The performance of the new WHO-endorsed, Xpert MTB/RIF assay has recently been reported for some types of extra-pulmonary TB such as TB lymphadenitis , pleural TB , and TB meningitis . However, there are no comprehensive data about TBP to guide clinical practice. Here we report on the first large comprehensive study of Xpert MTB/RIF for the diagnosis of pericardial TB [5, 10]. It is also the first study to compare Xpert MTB/RIF to several alternative diagnostic assays, including ADA and IFN-γ, and to evaluate test performance outcomes in a TB and HIV-endemic setting.
The key findings of our study are that: (1) uIFNγ offers superior accuracy for the diagnosis of microbiologically confirmed TBP compared to the new Xpert MTB/RIF test and the established ADA assay; (2) PF Xpert MTB/RIF could bacteriologically confirm a TB diagnosis (and allow for drug susceptibility testing) in two thirds of patients with suspected TBP; (3) PF uIFNγ offered better rule-in diagnostic utility compared to ADA in current clinical use, while both tests could rapidly rule-out TBP; (4) PF Xpert MTB/RIF, when combined with either ADA or uIFNγ, offers >97% sensitivity and specificity for TBP diagnosis; and (5) concentration of PF samples prior to Xpert MTB/RIF testing increased the number of ‘indeterminate’ tests without significantly improving diagnostic yield.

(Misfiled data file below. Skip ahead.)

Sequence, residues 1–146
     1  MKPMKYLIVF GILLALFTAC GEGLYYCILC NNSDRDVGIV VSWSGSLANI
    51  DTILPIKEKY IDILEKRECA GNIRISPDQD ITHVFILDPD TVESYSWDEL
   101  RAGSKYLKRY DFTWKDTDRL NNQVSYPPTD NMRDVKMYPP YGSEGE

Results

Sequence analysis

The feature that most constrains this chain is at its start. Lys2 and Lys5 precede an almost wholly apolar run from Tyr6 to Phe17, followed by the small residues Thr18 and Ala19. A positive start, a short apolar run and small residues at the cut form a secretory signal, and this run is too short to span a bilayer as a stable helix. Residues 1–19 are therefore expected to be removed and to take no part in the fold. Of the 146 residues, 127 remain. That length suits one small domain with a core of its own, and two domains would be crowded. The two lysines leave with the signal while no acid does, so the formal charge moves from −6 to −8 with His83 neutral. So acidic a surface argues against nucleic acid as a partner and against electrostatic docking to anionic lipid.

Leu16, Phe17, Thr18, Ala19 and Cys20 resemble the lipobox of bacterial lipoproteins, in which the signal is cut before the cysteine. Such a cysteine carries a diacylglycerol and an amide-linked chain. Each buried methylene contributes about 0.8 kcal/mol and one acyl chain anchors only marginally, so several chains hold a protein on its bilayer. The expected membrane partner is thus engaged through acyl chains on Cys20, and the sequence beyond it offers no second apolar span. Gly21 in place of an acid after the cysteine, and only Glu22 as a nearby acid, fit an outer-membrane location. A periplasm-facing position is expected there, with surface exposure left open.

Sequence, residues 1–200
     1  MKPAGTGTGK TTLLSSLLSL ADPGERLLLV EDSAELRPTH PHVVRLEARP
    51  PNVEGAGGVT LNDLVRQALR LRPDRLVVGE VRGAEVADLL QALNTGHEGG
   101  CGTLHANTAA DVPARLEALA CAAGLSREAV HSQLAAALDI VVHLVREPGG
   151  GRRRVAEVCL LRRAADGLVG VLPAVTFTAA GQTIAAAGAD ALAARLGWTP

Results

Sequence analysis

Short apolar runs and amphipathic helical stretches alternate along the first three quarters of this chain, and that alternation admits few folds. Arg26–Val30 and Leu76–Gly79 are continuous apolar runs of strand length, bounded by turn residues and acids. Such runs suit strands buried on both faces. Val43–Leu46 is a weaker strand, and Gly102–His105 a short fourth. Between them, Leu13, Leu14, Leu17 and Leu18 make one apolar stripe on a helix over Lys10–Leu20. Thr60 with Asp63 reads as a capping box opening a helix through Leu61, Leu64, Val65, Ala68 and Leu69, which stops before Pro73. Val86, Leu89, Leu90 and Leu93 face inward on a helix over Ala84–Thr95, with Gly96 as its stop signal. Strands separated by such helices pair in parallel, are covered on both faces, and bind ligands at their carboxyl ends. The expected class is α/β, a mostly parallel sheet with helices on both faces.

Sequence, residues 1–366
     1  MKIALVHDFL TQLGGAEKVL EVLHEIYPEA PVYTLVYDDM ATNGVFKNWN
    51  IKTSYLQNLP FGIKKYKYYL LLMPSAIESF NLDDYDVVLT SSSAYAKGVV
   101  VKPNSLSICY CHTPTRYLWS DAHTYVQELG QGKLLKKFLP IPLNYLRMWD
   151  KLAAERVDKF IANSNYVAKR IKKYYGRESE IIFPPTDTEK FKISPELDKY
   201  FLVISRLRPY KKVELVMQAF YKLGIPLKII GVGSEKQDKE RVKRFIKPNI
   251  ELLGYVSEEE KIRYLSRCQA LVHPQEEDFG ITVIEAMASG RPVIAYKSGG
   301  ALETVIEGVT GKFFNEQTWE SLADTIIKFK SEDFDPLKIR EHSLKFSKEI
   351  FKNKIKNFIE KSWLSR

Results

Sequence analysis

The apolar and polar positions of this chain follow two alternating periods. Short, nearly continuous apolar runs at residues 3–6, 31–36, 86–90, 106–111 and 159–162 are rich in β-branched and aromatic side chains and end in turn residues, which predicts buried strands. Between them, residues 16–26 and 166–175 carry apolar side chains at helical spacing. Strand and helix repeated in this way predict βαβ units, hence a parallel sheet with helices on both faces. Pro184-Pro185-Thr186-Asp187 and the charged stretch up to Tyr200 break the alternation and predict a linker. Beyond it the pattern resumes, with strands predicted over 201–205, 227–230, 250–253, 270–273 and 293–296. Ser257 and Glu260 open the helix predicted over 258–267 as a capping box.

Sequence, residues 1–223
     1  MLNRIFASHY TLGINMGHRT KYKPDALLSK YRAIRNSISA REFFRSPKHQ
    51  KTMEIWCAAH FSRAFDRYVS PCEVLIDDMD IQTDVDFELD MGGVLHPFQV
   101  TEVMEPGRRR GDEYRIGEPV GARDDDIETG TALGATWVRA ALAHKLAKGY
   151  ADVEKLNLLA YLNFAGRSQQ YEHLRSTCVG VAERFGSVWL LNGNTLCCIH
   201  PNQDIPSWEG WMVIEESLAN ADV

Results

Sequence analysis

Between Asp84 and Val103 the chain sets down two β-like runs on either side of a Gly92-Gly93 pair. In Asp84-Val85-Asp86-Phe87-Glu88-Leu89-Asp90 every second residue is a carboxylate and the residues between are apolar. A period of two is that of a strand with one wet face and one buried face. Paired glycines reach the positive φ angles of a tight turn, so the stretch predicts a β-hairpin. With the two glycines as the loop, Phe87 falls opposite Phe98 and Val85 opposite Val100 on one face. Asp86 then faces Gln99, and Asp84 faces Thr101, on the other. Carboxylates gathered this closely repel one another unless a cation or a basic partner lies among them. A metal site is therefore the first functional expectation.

Xpert MTB/RIF testing is undergoing phased implementation in a number of high burden settings for routine diagnosis of pulmonary TB [26, 27]. There is limited information on the diagnostic utility of the test in extrapulmonary cases of TB, and, in particular, Xpert MTB/RIF performance has only been evaluated in a very small number of PF samples . Our study is the largest systematic evaluation to date, and the first to examine Xpert MTB/RIF level of detection in PF and explore the effects of concentrating larger volumes of PF on Xpert MTB/RIF performance. Importantly, Xpert MTB/RIF testing could microbiologically confirm TB and allow drug susceptibility testing in almost two thirds of culture-positive cases, which is higher than in other body cavity fluids, including pleural, non-sputum biological fluids such as urine, and similar to performance in induced sputum specimens [13, 28, 29]. Preliminary level of detection experiments suggest that the Xpert MTB/RIF assay could reliably detect PF samples spiked with ≥75 cfus/ml of H37Rv, which is lower than the 131 cfu/ml limit of detection found in spiked sputum samples . Further studies with more replicates are required to confirm this finding. However, the diagnostic yield from PF was not improved by centrifugation of larger volumes and concentration only increased the number of ‘indeterminate’ test results, although this was not the result of an increase in PCR inhibition. The increased error rate may have resulted from reaction failure secondary to large amounts of pelleted blood and other inflammatory proteins found in pericardial exudates. Methods to further digest these proteins or the addition of a PCR-friendly blood lysis buffer may help to decrease error rates [31, 32]. Interestingly, unlike in sputum and pleural samples, no correlation was found between Xpert MTB/RIF-generated CT-values and liquid culture time-to-positivity using PF . However, the sensitivity of Xpert MTB/RIF was found to be significantly higher in HIV-positive versus negative patients, and this was due to the higher bacillary loads, as measure by liquid culture time-to-positivity (TTP), found in the PF of HIV-positive versus -negative TBP. This sensitivity difference may impact on the utility of Xpert MTB/RIF in low HIV prevalence settings.